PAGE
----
Friday, December 12, 2008

You Look Hungry---Have Some Pajamas!

One day, months ago, when a friend chained me down and held my eyelids open, I saw something on the Oprah Winfrey Show that blew my mind. I swore I would write about it then, but I must have forgotten, so here it is now.

First off, for those of you that are unfamiliar, the Oprah Winfrey Show is a popular television show among women. The host, Oprah, is an awe-inspiringly vain, overweight, empowered woman whose softball interviewing tactics are beloved by PR reps across the nation. Viewers love it when she loses weight and gains it back, or when she unleashes the occasional "you go, girl!"

Anyway, this particular episode showcased the efforts of a handful of people who found, late in life, that charity was their calling, and abandoned their white-collar jobs or mommy duties to work full-time for their charitable causes.

One of the them was a guy who collected books and brought them to elementary schools in Nepal, so the children could have books to read and learn English. He then expanded the program to include children's books written in their native language.

Another--we'll call her Miss Stupidhead--started an organization that donated pajamas to poor children. It is called the Pajama Program.

"Please give me some pajamas..."

Now, keep in mind that these are not pajamas that were lying around somebody's house unused and then shipped in. These are, in a few cases, new pajamas that people purchased and donated; but in most cases, these were pajamas this woman purchased with money people donated.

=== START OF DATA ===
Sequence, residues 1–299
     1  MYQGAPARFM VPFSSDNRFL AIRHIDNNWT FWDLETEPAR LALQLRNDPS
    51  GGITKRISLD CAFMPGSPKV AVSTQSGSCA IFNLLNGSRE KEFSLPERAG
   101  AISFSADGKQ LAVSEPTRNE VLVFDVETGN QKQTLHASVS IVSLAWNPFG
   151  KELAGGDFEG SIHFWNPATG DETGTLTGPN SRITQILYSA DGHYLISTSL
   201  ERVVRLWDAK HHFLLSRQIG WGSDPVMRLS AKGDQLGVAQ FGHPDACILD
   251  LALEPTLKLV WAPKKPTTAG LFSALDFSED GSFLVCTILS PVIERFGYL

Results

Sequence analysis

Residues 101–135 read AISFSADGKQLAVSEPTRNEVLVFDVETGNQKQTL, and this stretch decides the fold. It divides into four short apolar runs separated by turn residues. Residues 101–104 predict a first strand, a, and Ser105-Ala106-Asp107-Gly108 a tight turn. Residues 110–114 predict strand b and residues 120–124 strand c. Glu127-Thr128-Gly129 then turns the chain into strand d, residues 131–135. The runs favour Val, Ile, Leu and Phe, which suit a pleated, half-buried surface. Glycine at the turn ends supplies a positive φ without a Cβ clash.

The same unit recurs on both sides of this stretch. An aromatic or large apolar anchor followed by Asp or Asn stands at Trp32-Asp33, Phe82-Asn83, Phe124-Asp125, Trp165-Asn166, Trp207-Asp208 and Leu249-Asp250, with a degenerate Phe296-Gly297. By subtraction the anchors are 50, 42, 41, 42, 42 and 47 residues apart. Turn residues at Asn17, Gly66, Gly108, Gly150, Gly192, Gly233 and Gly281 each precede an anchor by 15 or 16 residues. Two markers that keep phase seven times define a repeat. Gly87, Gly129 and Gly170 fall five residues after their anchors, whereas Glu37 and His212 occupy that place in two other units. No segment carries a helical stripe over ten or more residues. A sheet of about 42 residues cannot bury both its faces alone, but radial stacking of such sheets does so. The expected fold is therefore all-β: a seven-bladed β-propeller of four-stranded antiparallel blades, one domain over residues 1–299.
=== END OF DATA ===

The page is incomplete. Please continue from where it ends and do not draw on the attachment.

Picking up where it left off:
Imagine this scenario:

"Hello, Miss Stupidhead, I'm pretty damn rich and I've started to feel guilty about it, so I'd like to give something back. A friend at my country club told me you run a charity that benefits underprivileged children and I would like to donate $500,000 to your cause."
"Oh, that's super! I can buy 50,000 pajamas with all that money! Think of how happy those children will be!"
"Umm...pajamas? I'd rather you spent it on food, medicine, education, clothes they can actually wear to school..."
"No--trust me. If there's one thing I learned growing up white and privileged, it's that the one thing poor children need above everything else is pajamas."
"Okay, you're the expert..."

As is her wont, Oprah surprised this woman, on-air, with thousands of pairs of pajamas purchased with funds donated from her viewers.

Again...donated cash turned into pajamas.



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